What was the meaning of the day the court released the most important legal case in law enforcement force?
Graham v. Connor, 490 U.S. 386 (1989)
U.S. Supreme Court
Decided: May 15, 1989
On Monday November 12, 1984 Charlotte Police Officer M.S. Connor was on patrol when he observed a vehicle abruptly stop at a Pilot Gas station located at 2724 West Boulevard, Charlotte, North Carolina and the passenger quickly exited, ran inside, remained a short time, ran back out and into the car. The driver later identified as Mr. William Berry briskly drove out of the parking lot and sped away.
The Pilot Station, 2724 West Boulevard, Charlotte, North Carolina. I took this photo in 2006 while visiting the location where law enforcement use of force legal evaluation began. Some time after 1984, the Pilot Corporation moved out of this location. Mr. Graham ran in and out of this location prior to being stopped by Officer Connor.
Officer Connor suspecting a robbery or theft just occurred followed the car, requested back up and called for cars to check on the Pilot Gas station. Officer Connor followed Mr. Berry and his passenger, Mr. Dethorne Graham for one half mile to the entrance of the Little Rock Apartments; 5700 Leake Street, Charlotte, North Carolina.
The one half mile route Mr. Berry drove away from the Pilot station. Officer Connor stopped the vehicle at the entrance of the Little Rock Apartments.
As Mr. Berry stopped, Mr. Graham bailed out of the car and began to run in circles around Mr. Berry’s car. Officer Connor believed he was being tricked; Mr. Berry exited the car too but ran one way around the car and Officer Connor ran the other. Mr. Graham suddenly sat down on the curb and Mr. Berry explained that Mr. Graham had ‘sugar’ [diabetes]. Officer Connor did not believe Mr. Berry so he began to handcuff Mr. Graham until he and the other officers could determine what occurred at the Pilot gas station. With additional officers now at scene a moderately violent struggle occurred, during which Officer Connor used profanity during the handcuffing.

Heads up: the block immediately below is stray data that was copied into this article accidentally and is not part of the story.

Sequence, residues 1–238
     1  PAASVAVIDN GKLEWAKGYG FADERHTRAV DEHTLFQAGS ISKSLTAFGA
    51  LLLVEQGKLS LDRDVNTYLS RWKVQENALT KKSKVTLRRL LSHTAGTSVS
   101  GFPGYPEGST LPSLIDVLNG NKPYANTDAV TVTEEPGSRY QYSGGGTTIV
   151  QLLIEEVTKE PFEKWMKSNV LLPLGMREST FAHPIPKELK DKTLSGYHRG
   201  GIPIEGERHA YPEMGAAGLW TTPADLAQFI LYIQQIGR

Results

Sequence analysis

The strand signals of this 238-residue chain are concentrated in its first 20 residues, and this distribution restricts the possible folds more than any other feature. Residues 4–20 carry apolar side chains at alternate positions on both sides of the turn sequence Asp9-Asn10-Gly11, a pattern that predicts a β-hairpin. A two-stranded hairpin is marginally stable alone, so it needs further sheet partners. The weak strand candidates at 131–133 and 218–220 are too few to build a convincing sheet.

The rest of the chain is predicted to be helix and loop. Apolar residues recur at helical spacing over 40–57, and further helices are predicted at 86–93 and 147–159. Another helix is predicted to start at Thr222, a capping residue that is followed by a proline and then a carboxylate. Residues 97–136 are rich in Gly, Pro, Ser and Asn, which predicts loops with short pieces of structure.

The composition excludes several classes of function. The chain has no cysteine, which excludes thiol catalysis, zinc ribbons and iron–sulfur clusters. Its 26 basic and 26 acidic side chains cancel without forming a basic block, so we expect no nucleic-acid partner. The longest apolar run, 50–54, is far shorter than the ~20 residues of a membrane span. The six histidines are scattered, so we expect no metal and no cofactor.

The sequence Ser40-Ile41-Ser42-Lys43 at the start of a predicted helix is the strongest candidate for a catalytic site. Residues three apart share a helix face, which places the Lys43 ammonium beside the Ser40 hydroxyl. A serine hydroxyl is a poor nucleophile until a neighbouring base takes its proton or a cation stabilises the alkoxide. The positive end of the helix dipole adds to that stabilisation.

Mr. Berry’s vehicle was stopped by Officer Connor at this location on West Boulevard. In 2006 the apartments were called the Little Rock Apartments.
Responding officers checked on the Pilot gas station and determined there was no robbery or theft. Mr. Berry explained that Mr. Graham ran in to the Pilot station to get some orange juice but ran out because the line was too long. Officer Connor took Mr. Graham to his home, un-handcuffed him and dropped him off in his front yard. Mr. Graham sustained a broken foot, cuts on his wrists, a bruised forehead, injured shoulder and loud ringing in his right ear. He filed a civil suit against PO Connor and the City of Charlotte. The Federal District Court found in favor of the City of Charlotte and Officer Connor applying the ‘Glick Test’ found in Johnson v. Glick, 481 F.2d 1028 (1973). The Fourth Circuit upheld the District Court and Mr. Graham appealed to the U.S. Supreme Court.
On Police Memorial Day 1989 the U.S. Supreme Court carved out a new four-part test for all law enforcement force to be evaluated:
- What was the severity of the crime?
- What was the apparent threat posed by the suspect?
- Was the suspect trying to flee or resist?
- Was the force ‘objectively reasonable’ when applied in a tense, fast evolving situation?
Id at 396
- All law enforcement force will be adjudicated based on these four factors. What is interesting is that the U.S. Supreme Court did not anticipate modern day violence as the third prong likely does not comport with a homicide bomber, as the bomber is not trying to flee or resist. However, I do believe that the Graham test will be applied for force used against a homicide bomber.